D'Amico, Jack, Dain A. Trafton, and Massimo Verdicchio, eds. The Legacy of Benedetto Croce: Contemporary Critical Views. Toronto, 1999.
Moss, M. E. Benedetto Croce Reconsidered: Truth and Error in Theories of Art, Literature, and History. Hanover, N.H., 1987.
Roberts, David D. Benedetto Croce and the Uses of Historicism. Berkeley, Calif., 1987.
David D. Roberts
Italian idealist philosopher, statesman, historian, and literary critic; b. Pescasseroli, Feb. 25, 1866; d. Naples, Nov. 20, 1952. In 1902 he founded the journal La Critica, through which, for 50 years, he wielded a wide cultural influence in Italy and throughout Europe. A most effective critic of the paraconstitutionalism of fascism, after World War II he dominated the constituent assembly from which the Italian Republic eventually emerged.
Eschewing systematic philosophy, Croce yet achieved an articulated position, absolute historicism, which effectively shaped his activity as historian, critic, and statesman. For him, the controlling principle of absolute historicism is immanence, excluding all transcen dence. Immanence is the concrete inwardness of spirit to its own processes. Spirit is immanent to human presence, temporally diffused through individual existents but transcendentally synthesized in "expression." Expression as first isolated in the aesthetic moment, art, is intuitive, lyrical, and cosmic. Extended to all its moments—logical, economic and ethical—expression becomes the transcendental principle of spirit itself. Fullness of expression and the concrete reality of spirit are achieved in the dialectical movement of history, wherein these moments are concretely synthesized in a "unity of distincts." History, concrete expressive unity in diversity, is the supreme mode of presence of spirit; all significant discourse is constructed and interpreted on historical canons. Historical presence is the eternal present, the contemporaneity of all history, and completes the absolute immanence of spirit. Past and present are projective interpolations within the eternal present and are immanent to it.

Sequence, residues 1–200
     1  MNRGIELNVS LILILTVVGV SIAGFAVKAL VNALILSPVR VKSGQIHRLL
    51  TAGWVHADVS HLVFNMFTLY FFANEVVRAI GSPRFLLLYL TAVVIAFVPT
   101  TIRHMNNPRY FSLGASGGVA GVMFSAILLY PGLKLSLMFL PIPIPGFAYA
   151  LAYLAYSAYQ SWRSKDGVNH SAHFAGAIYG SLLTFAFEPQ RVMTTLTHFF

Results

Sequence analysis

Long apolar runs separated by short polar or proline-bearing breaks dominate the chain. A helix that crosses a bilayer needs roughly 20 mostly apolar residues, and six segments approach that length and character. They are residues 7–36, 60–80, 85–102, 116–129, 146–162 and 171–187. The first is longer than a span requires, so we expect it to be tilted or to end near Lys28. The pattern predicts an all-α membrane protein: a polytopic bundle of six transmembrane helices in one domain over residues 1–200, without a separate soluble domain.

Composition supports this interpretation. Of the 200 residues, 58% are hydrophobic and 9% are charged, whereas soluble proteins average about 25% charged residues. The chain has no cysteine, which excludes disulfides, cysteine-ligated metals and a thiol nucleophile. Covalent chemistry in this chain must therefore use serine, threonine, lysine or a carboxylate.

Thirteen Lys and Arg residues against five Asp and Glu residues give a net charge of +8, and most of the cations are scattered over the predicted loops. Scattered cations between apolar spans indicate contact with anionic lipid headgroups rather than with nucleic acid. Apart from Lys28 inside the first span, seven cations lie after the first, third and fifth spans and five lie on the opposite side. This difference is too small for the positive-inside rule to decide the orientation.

Absolute historicism holds the clue to Croce's activity as a historian, pursued at two mutually immanent levels, the theoretical and the practical. The theoretical problem of history is to determine the transcendental principles of historical presence and discourse. Historiography is the interpretation of human documents on the basis of transcendental principles projected in narration. These transcendental principles cannot be fixed a priori but must emerge from the documents. Philosophy and
history are concretely united in the activity of the historian; yet the transcendental principles thus determined are not ontological but methodological. History thus is the self-constituting act of human presence in its pure generation. The supreme transcendental principle of history and of the unity of thought and action in human presence is the canon of "history as the history of freedom." The freedom here intended is not an empirical fact, but a transcendental principle in the sense that on its basis alone the human documents can be significantly construed and the rational unification of thought and action achieved. History constitutes a unique transcendentally constructed system of discourse. This conception of history is the key to the reading of Croce's own historical works. They all attest to the transcendental principle of history as the history of freedom. They extend this principle in an everwidening circle of concern from the Rivoluzione napoletana del' 99 (3d ed. 1912) to the now-classic Storia d'Europa nel secolo XIX (1932), properly construed as the primary document of the historiography of ethical liberalism.
Croce thought of himself primarily as a literary critic. The vast body of his critical writings, touching all the important literatures of Europe as well as the classics, contains an inexhaustible wealth of special insights. Its greatest interest, however, lies in the manner in which it